Does grip strength correlate with rotator cuff strength in patients with atraumatic shoulder instability?
Turabi R, Horsely I, Birch H, Jaggi A. Does grip strength correlate with rotator cuff strength in patients with atraumatic shoulder instability? Bulletin of Faculty of Physical Therapy. 2022;27(1):1.
Objectively measuring rotator cuff strength (‘peak force’ to be exact, but that’s a post for another day) in the clinic can be challenging in certain patients, when time is an issue, when patient strength exceeds therapist strength and when you don’t have the right equipment and set-up to obtain accurate and repeatable measures.
I’ve been following a thread of articles lately demonstrating very close agreement between measures of rotator cuff strength and grip strength, the latest looking at the relationship between grip strength and internal/external rotation force measures in people with atraumatic instability. Approx. 2/3 of my clinical caseload are young people with atraumatic shoulder instability and regaining rotator cuff function (including strength) is a critical part of rehabilitation. However, some are not able to attain optimal shoulder strength test positions, and unless you have a reasonable amount of time and the right equipment (and set-up to obtain accurate and reliable measures), direct measures of rotator cuff strength can be difficult to obtain.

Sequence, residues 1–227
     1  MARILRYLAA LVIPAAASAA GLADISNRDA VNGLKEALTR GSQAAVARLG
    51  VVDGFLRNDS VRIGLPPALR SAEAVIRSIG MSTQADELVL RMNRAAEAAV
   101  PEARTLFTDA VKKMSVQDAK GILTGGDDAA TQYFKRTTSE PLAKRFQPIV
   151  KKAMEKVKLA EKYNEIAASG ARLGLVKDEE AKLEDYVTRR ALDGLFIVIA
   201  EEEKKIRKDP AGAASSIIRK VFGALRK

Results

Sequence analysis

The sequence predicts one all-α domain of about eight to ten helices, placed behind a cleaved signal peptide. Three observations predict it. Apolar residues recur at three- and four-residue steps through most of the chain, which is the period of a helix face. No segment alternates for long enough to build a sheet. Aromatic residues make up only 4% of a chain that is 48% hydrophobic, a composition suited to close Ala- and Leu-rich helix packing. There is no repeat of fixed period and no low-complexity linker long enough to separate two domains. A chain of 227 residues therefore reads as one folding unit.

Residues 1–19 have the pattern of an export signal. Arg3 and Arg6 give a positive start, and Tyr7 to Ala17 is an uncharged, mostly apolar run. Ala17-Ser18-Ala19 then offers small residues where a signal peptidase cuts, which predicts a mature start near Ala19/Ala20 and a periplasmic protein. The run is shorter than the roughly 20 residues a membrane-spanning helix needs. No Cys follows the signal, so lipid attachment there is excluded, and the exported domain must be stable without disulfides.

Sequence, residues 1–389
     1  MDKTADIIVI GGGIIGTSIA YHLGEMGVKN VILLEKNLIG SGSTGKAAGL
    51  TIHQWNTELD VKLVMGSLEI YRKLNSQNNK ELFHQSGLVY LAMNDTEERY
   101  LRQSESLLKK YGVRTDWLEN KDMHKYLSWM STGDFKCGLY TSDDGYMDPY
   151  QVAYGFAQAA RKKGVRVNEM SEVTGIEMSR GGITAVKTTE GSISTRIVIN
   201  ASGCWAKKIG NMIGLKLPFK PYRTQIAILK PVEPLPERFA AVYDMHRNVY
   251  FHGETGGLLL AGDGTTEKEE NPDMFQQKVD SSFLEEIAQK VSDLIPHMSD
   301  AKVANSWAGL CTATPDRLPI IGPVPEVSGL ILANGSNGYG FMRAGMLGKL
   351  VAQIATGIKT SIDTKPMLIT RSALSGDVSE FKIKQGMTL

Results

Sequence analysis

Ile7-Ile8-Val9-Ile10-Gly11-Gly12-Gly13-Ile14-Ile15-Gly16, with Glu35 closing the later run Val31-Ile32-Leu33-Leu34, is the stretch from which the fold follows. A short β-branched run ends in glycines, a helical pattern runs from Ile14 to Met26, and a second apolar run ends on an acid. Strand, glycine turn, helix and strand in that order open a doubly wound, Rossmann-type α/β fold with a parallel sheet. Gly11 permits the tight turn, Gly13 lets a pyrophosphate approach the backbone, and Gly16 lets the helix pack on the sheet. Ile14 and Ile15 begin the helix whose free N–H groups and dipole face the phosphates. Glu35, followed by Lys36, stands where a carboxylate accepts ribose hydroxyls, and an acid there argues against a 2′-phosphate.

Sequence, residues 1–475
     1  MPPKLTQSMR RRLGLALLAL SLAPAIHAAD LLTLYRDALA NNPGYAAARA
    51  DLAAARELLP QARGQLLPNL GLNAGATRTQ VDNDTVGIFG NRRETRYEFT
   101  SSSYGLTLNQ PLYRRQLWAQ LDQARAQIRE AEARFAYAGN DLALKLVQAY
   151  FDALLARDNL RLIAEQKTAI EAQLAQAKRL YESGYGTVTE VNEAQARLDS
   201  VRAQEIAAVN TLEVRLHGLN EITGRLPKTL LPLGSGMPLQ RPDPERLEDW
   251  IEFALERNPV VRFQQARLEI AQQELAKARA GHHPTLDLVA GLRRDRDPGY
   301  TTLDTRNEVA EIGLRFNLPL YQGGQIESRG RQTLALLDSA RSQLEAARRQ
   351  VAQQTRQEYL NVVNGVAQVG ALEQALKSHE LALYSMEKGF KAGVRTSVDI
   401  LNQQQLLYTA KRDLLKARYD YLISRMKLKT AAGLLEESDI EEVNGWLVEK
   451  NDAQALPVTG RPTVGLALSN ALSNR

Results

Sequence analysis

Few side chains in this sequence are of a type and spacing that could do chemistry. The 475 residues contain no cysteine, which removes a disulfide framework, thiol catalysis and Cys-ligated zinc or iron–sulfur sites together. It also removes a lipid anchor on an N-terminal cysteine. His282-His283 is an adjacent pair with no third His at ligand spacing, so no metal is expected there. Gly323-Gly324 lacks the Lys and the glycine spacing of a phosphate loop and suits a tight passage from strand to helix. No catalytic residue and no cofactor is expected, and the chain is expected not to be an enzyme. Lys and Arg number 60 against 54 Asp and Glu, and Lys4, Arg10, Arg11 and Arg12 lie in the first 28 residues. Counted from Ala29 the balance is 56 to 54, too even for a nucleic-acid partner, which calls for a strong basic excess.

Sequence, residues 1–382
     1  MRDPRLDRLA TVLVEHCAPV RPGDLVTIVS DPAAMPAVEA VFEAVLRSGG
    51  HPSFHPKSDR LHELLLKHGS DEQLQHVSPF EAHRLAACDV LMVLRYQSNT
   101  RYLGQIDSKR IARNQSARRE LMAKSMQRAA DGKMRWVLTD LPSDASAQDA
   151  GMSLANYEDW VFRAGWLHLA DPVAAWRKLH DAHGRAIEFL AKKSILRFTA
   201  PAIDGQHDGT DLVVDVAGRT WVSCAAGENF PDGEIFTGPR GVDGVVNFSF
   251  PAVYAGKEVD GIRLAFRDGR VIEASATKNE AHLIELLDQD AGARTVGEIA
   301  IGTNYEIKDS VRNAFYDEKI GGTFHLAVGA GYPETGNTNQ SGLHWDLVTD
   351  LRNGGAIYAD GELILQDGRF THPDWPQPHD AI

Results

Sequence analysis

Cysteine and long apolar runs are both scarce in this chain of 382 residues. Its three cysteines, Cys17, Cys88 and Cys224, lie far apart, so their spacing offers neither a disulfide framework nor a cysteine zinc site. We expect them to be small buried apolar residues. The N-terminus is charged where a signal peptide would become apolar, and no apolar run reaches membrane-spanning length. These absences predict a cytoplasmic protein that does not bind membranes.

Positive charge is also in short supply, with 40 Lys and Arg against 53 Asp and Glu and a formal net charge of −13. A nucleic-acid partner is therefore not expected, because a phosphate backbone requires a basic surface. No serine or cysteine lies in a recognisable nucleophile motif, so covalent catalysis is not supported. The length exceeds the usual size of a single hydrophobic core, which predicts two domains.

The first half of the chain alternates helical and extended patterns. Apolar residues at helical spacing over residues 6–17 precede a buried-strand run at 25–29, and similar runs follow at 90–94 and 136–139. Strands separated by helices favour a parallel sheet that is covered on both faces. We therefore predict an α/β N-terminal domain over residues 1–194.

The simple method of measuring grip strength used in this study produced peak force values that correlated with internal and external rotation peak isometric force values in this patient group (r2 0.70 for the statos out there). Previous studies have produced r2 values up to 0.91 for the correlation between grip strength and external rotation strength (strong correlation).
This means that grip strength may provide a simple, quick, convenient and relatively cheap method of indirectly tracking changes in rotator cuff function (peak force) with the following clinical applications:
▪️ for patients who can’t tolerate typical shoulder strength testing positions (due to pain, stiffness, apprehension or fear)
▪️ can be used by small therapists working with stronger patients
▪️ where space, time or access to equipment are limited
▪️ can be used as a 'field' measure of monitoring rotator cuff function in upper limb sports (e.g throwing, swimming).
Full text link: https://link.springer.com/content/pdf/10.1186/s43161-021-00059-3.pdf
Dr Angela Cadogan
Passionate about learning and helping others to think critically about their practice. I hope these posts stimulate your thinking and help you in clinical practice.